Rich in vitamins and minerals, red raspberry is traditionally used to strengthen and invigorate the uterus, increase milk flow, and restore the mother's system after childbirth.(more)
    Diarrhea
    Dose: Refer to label instructions
    Red raspberry is an astringent herb traditionally used for diarrhea. Raspberry leaves are high in tannins and may relieve acute diarrhea.(more)
    Common Cold and Sore Throat
    Dose: Refer to label instructions

    Red raspberry, blackberry, and blueberry leaves contain astringent tannins that are helpful for soothing sore throats.1Sage tea may be gargled to soothe a sore throat. All of these remedies are used traditionally, but they are currently not supported by modern research.

    References

    1. Schilcher H. Phytotherapy in Paediatrics. Stuttgart, Germany: Medpharm Scientific Publishers, 1997, 126-7.

    Pregnancy and Postpartum Support
    Dose: Refer to label instructions

    Many tonic herbs, which are believed to strengthen or invigorate organ systems or the entire body, can be taken safely every day during pregnancy. Examples include dandelion leaf and root, red raspberry leaf, and nettle. Dandelion leaf and root are rich sources of vitamins and minerals, including beta-carotene, calcium, potassium, and iron. Dandelion leaf is mildly diuretic (promotes urine flow); it also stimulates bile flow and helps with the common digestive complaints of pregnancy. Dandelion root is traditionally used to strengthen and invigorate the liver.1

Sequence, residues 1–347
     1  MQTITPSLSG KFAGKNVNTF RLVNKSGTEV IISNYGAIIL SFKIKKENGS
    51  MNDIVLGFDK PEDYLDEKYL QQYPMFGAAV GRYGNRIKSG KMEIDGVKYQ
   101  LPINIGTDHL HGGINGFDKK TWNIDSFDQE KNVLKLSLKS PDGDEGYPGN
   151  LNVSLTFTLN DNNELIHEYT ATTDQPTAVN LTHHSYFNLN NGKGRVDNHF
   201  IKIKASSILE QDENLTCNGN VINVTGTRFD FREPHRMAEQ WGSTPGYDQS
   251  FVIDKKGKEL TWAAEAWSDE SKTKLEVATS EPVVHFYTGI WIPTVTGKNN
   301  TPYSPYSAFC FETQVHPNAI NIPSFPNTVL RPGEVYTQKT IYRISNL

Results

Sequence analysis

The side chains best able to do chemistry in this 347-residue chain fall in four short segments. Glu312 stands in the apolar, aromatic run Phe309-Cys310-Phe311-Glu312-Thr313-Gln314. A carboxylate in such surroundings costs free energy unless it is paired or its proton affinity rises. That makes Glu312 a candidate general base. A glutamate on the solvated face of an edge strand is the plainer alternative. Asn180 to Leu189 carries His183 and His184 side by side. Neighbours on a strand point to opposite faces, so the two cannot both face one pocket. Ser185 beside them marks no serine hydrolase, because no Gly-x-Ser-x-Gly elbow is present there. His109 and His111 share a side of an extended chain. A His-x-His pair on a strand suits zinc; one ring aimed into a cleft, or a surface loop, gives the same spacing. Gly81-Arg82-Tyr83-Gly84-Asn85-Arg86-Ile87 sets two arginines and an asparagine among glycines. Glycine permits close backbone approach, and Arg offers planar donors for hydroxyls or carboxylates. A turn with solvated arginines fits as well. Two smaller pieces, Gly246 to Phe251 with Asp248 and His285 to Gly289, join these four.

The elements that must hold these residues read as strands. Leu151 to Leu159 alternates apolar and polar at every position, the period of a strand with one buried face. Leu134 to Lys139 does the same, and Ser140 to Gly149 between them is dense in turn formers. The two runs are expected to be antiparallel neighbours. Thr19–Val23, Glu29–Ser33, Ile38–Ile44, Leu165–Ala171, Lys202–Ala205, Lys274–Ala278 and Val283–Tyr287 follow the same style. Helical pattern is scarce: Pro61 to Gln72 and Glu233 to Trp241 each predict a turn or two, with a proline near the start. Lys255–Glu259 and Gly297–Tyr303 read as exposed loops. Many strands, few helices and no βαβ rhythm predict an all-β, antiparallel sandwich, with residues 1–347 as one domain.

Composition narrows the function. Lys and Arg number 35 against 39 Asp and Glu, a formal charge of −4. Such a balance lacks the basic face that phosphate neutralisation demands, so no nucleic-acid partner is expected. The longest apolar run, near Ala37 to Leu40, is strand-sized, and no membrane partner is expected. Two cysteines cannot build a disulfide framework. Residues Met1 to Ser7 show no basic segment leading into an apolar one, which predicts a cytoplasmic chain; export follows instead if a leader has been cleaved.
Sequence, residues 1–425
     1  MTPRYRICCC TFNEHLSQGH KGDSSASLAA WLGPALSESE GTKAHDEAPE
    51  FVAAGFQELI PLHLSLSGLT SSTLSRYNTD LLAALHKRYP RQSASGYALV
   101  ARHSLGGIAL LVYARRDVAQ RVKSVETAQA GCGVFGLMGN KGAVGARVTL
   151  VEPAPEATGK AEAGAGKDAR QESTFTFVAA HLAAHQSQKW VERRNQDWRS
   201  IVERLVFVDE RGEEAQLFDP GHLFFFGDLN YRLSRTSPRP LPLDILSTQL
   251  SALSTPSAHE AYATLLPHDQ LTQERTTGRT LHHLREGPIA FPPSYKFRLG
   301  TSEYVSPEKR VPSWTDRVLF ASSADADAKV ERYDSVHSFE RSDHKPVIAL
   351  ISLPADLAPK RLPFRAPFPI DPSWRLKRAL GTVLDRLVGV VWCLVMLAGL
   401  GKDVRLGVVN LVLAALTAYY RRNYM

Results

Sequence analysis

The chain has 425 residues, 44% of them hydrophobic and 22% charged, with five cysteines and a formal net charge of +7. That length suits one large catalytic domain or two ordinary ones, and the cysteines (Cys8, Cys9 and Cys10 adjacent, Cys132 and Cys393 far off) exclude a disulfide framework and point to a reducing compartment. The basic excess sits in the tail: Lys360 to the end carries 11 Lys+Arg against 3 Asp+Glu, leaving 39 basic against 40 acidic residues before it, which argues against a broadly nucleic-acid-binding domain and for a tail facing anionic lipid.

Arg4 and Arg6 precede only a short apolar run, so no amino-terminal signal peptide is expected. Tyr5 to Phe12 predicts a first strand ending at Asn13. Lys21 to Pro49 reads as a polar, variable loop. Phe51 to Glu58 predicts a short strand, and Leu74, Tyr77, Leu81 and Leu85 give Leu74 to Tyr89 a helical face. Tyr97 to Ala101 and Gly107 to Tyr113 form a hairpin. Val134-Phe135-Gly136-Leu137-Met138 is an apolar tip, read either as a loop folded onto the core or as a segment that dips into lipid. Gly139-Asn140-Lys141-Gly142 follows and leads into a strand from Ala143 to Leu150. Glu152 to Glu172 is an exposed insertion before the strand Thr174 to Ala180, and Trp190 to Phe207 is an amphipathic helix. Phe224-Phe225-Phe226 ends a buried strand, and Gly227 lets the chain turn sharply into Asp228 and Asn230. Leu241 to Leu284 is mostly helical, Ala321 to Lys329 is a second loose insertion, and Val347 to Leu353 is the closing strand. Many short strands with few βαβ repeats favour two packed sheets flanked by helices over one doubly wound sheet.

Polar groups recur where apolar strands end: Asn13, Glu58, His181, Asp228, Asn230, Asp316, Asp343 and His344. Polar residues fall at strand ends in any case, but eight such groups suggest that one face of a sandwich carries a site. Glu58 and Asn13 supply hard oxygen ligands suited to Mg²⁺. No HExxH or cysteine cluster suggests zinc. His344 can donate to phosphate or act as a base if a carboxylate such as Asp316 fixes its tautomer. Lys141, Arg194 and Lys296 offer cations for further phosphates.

Red raspberry leaf is the most frequently mentioned traditional herbal tonic for general support of pregnancy and breast-feeding. Rich in vitamins and minerals (especially iron), it is traditionally used to strengthen and invigorate the uterus, increase milk flow, and restore the mother's system after childbirth.2

    References

    1. Gladstar R. Herbal Healing for Women. New York: Simon and Schuster, 1993, 176.

    2. Gladstar R. Herbal Healing for Women. New York, Simon and Schuster, 1993, 177.

    Pregnancy and Postpartum Support
    Dose: Refer to label instructions

    Many tonic herbs, which are believed to strengthen or invigorate organ systems or the entire body, can be taken safely every day during pregnancy. Examples include dandelion leaf and root, red raspberry leaf, and nettle. Dandelion leaf and root are rich sources of vitamins and minerals, including beta-carotene, calcium, potassium, and iron. Dandelion leaf is mildly diuretic (promotes urine flow); it also stimulates bile flow and helps with the common digestive complaints of pregnancy. Dandelion root is traditionally used to strengthen and invigorate the liver.1